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Robot-Assisted Vertebral Body Augmentation: A Radiation Reduction Tool

Barzilay, Yair MD*; Schroeder, Josh E. MD*; Hiller, Nurith MD; Singer, Gordon MD*; Hasharoni, Amir MD, PhD*; Safran, Ori MD*; Liebergall, Meir MD*; Itshayek, Eyal MD; Kaplan, Leon MD*

doi: 10.1097/BRS.0000000000000100
Diagnostics

Study Design. Retrospective.

Objective. To assess radiation exposure time during robot-guided vertebral body augmentation compared with other published findings.

Summary of Background Data. Rising incidence of vertebral compression fractures in the aging population result in widespread use of vertebral body cement augmentation with significant radiation exposure to the surgeon, operating room staff, and patient. Radiation exposure leads to higher cancer rates among orthopedic and spine surgeons and patients.

Methods. Thirty-three patients with 60 vertebral compression fractures underwent robot-guided vertebral body augmentation performed by 2 surgeons simultaneously injecting cement at 2 levels under pulsed fluoroscopy. The age of patients was in the range from 29 to 92 (mean, 67 yr). One to 6 vertebrae were augmented per case (average 2). Twenty-five patients had osteoporotic fractures and 8 had pathological fractures. Robotic guidance data included execution rate, accuracy of guidance, total surgical time, and time required for robotic guidance. Radiation-related data included the average preoperative computed tomographic effective dose, radiation time for calibration, registration, placement of Kirschner wires, and total procedure radiation time. Radiation time per level and surgeon's exposure were calculated.

Results. Kyphoplasty was performed in 15 patients (1 sacroplasty), vertebroplasty in 13, and intravertebral expanding implants in 5. The average preoperative computed tomographic effective dose was 50 mSv (18–81). Average operative time was 118 minutes (49–350). Mean robotic guidance took 36 minutes. Average operative radiation time was 46.1 seconds per level (33–160). Average exposure time of the surgeons and the operating room staff per augmented level was 37.6 seconds. The execution rate was 99%, with an accuracy of 99%. Two complications (hemothorax and superficial wound infection) occurred.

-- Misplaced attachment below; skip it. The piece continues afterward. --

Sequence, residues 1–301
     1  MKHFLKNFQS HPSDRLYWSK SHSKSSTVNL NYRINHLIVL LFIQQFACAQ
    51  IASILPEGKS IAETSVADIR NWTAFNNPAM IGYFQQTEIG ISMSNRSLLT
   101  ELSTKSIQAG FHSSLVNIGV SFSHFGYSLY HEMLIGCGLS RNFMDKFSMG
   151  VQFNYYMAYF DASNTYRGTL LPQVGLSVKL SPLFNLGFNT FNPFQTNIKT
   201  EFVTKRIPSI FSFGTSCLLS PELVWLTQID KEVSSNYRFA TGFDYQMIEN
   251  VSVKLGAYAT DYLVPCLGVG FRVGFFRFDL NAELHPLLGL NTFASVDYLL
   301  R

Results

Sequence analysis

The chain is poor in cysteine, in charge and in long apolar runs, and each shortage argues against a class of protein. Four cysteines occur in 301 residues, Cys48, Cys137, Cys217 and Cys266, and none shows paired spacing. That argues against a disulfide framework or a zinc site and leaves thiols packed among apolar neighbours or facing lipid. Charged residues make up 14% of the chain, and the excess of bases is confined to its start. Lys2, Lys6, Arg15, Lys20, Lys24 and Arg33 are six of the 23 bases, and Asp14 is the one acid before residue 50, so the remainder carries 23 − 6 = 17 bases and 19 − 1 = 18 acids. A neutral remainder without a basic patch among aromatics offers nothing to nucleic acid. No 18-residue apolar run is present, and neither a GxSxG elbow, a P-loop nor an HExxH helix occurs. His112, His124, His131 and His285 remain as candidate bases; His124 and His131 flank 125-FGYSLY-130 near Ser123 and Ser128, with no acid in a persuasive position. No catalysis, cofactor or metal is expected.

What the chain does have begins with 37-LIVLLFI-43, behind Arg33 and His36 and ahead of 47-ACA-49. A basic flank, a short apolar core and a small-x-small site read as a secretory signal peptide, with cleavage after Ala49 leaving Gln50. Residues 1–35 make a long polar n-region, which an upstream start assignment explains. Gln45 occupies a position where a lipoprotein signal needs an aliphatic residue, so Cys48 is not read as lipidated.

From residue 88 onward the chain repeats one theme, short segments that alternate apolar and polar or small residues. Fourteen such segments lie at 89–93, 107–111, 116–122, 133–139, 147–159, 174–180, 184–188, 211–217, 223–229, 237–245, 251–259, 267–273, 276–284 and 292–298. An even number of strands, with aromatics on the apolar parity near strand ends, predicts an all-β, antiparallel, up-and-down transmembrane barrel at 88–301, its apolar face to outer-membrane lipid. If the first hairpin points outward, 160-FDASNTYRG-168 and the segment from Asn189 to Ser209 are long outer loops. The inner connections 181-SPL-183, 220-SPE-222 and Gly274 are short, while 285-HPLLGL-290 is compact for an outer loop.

Conclusion. The radiation exposure of the surgeon and the operating room staff in a series of robot-assisted vertebral body augmentation was 74% lower than published results on fluoroscopy guidance and approximately 50% lower than the literature on navigated augmentation.

Level of Evidence: 4

Vertebral cement augmentation is associated with up to 10 minutes of fluoroscopy per level. Orthopedic surgeons' cancer risk is 5.37 higher than the general population. A series of robot-guided vertebral augmentation was compared with published results on freehand and navigated augmentation. In robot-guided augmentation, fluoroscopy time was 50% lower than navigated augmentation and 74% lower than fluoroscopy guidance.

*Departments of Orthopedic Surgery

Radiology; and

Neurosurgery, Hadassah-Hebrew-University Medical Center, Jerusalem, Israel.

Address correspondence and reprint requests to Yair Barzilay, MD, Spine unit, Department of Orthopedic Surgery, Hadassah-Hebrew-University Medical Center, Jerusalem, Israel; E-mail: dbar@hadassah.org.il

Acknowledgment date: November 15, 2011. First revision date: February 18, 2013. Second revision date: April 28, 2013. Acceptance date: July 26, 2013.

The device(s)/drug(s) is/are FDA-approved or approved by corresponding national agency for this indication.

No funds were received in support of this work.

Relevant financial activities outside the submitted work: consultancy, grants, patents, royalties, stocks, travel/accommodations/meeting expenses, payment for lecture, grants.

© 2014 by Lippincott Williams & Wilkins